A New Approach to Type 2 Diabetes Management in Primary Care

Michael E. Bowen, MD, MPH, MSCS


March 28, 2023

In the United States, primary care providers (PCPs) manage over 75% of patients with type 2 diabetes (T2D). Thus, PCPs are uniquely positioned to improve the glycemic control and cardiometabolic health of patients with T2D. In recent years, emerging data on the role of sodium-glucose cotransporter 2 (SGLT2) inhibitors and glucagon-like peptide 1 (GLP-1) receptor agonists in glycemic management and cardiorenal risk reduction has shifted the landscape of diabetes management from glucocentric to a concurrent focus on glucose management and cardiometabolic risk.

Moreover, recent updates to the American Diabetes Association's Standards of Care in Diabetes guideline, particularly those related to the use of SGLT2 inhibitors and GLP-1 receptor agonists, require PCPs to reframe approaches to diabetes pharmacotherapy and educate patients on the importance of managing cardiorenal and metabolic risk in addition to glucose levels. Given that PCPs are on the front lines of treatment of this disease, it is more important than ever that they remain up-to-date on the latest recommendations as they evolve their practice to help patients improve their cardiometabolic health. Here, we look at this new approach to T2D management in primary care.

A Paradigm Shift in Diabetes Management

The new paradigm of diabetes management emphasizes cardiorenal risk reduction and weight management in addition to focusing on glucose control and the prevention and management of microvascular and macrovascular complications with non–glucose lowering agents. While non–glucose lowering agents such as statins and angiotensin-converting enzyme (ACE) inhibitors and angiotensin receptor blockers (ARBs) have long been prescribed for prevention and risk reduction of cardiorenal disease, evidence-driven changes to the Standards of Care in Diabetes now call for the prescribing of diabetes medications to manage cardiorenal risk regardless of glycemic control. SGLT2 inhibitors are recommended first-line medications for T2D patients with heart failure (both with preserved and reduced ejection fraction) and chronic kidney disease. Similarly, for patients with atherosclerotic cardiovascular disease (ASCVD) or at risk for ASCVD, either a GLP-1 receptor agonist or a SGLT2 inhibitor with proven cardiovascular benefit is recommended. For patients with indications for both GLP-1 receptor agonists and SGLT2 inhibitors, the addition of the alternate medication is indicated if additional glycemic control or risk-factor reduction is needed. These recommendations are updated annually in the American Diabetes Association's Standards of Care in Diabetes, which summarizes evidence-based guidelines for comprehensive management of diabetes, cardiometabolic risk, and diabetes-related complications, including an abridged version for PCPs that also highlights key updates each year.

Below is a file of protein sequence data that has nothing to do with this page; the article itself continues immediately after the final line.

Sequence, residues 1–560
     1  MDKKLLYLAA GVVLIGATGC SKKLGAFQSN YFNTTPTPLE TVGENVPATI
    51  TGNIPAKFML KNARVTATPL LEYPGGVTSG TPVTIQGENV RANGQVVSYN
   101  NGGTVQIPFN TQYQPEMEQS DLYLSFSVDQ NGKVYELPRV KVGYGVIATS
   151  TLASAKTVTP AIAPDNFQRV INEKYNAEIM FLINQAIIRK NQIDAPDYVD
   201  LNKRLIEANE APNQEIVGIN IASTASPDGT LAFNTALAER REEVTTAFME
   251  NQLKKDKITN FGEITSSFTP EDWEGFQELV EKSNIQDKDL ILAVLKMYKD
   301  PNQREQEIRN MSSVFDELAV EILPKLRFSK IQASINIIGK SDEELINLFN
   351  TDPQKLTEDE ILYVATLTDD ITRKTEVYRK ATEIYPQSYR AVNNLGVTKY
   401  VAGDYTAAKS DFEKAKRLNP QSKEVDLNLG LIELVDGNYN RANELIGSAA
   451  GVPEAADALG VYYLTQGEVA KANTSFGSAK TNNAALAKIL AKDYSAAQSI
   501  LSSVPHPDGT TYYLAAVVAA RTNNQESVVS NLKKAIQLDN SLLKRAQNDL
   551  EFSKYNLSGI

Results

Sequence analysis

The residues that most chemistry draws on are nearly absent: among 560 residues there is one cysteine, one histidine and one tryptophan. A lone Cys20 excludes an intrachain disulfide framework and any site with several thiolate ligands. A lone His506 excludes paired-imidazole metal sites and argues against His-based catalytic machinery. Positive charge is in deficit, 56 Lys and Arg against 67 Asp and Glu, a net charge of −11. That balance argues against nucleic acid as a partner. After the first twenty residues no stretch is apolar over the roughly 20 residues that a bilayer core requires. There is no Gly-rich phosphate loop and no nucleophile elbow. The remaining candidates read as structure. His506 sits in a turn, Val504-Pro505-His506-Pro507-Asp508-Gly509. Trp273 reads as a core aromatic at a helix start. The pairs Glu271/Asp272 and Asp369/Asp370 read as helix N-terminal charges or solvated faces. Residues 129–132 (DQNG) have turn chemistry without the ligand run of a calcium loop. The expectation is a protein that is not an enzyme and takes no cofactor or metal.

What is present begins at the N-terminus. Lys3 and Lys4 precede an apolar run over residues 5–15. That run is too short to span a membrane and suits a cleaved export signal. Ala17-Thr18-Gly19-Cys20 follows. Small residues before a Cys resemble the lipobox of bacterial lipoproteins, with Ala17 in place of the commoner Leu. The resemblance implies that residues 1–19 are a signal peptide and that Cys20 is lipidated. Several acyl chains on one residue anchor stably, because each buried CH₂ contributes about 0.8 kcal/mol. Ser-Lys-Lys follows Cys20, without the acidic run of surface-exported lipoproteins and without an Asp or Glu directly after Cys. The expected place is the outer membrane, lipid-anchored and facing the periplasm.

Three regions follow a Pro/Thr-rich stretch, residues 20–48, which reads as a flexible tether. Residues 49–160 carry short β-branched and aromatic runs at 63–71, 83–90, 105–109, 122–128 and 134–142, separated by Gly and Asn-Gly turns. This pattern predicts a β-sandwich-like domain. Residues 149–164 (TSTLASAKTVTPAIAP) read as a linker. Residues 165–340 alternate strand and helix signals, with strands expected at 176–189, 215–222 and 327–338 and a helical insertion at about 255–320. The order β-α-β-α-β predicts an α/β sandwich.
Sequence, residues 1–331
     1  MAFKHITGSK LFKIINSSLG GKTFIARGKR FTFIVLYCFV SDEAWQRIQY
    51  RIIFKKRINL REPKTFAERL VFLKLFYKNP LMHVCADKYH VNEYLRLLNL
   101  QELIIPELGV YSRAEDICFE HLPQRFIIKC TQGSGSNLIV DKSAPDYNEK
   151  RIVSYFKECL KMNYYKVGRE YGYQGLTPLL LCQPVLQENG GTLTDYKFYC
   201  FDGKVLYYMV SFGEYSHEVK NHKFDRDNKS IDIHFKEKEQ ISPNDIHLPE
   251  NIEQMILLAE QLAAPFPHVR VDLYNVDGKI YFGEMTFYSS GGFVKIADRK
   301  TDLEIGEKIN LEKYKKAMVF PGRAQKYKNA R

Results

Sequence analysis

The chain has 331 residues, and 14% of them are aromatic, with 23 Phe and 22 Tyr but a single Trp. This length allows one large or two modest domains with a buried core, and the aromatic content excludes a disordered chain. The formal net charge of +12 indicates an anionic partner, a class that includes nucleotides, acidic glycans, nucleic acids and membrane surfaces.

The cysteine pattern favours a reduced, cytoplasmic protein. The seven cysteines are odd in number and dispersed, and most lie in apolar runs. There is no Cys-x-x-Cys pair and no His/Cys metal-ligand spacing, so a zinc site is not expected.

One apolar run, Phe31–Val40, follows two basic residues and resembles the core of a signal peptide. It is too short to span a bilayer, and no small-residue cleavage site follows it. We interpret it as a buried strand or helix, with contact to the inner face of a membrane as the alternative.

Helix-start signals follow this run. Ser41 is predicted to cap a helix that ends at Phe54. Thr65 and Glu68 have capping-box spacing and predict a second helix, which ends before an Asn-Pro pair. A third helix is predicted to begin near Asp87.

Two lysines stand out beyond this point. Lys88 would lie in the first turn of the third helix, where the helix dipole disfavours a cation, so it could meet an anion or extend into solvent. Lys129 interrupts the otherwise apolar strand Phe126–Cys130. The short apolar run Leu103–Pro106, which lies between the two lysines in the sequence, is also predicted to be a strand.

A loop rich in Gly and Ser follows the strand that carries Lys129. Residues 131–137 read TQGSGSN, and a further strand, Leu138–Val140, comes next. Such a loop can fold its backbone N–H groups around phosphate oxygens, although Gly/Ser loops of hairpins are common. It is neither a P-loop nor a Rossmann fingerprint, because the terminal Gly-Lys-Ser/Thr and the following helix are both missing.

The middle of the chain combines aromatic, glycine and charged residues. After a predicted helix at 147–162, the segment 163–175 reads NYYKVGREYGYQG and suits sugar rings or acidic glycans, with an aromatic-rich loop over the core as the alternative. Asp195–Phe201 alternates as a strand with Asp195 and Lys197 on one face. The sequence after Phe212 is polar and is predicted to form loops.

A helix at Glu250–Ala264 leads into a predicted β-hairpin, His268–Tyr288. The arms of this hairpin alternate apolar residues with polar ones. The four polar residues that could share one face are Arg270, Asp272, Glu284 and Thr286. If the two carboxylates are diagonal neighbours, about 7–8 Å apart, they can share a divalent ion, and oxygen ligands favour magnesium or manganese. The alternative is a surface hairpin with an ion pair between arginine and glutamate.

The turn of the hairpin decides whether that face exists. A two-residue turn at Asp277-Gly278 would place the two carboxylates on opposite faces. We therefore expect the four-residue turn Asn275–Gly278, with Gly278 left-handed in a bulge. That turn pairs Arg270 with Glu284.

In 2008, the US Food and Drug Administration (FDA) mandated that all new glucose-lowering therapies have long-term cardiovascular outcome trials providing evidence to exclude an increased risk for major adverse cardiovascular events. Since then, multiple trials have shown both glycemic efficacy and cardiovascular safety of dipeptidyl peptidase (DPP-4) inhibitors, SGLT2 inhibitors, and GLP-1 receptor agonists. An unexpected finding in these trials was that many SGLT2 inhibitors and GLP-1 receptor agonists demonstrated cardiovascular benefit. Subsequent studies have demonstrated consistent benefits in heart failure, coronary artery disease, and chronic kidney disease, transforming the PCP's strategy to diabetes management.

A New Approach to Pharmacotherapy

The unexpected cardiovascular benefits of SGLT2 inhibitors and GLP-1 receptor agonists are also reframing approaches to diabetes pharmacotherapy. For decades, diabetes management has been glucocentric with a primary goal of achieving glycemic control measured by A1c. In this paradigm, metformin is the most common first-line medication, with additional agents added, as needed, to achieve glycemic targets. Once glycemic control is achieved, there is no indication to further intensify diabetes management. This approach to glucose control, along with the screening and management of microvascular complications and the treatment of hypertension and cholesterol to guideline-recommended levels to decrease risk for macrovascular complications, has been the cornerstone of diabetes management for decades. Diabetes quality measures that drive clinical care through pay-for-performance initiatives and educate patients about their glycemic control and risk for complications have further reinforced this approach.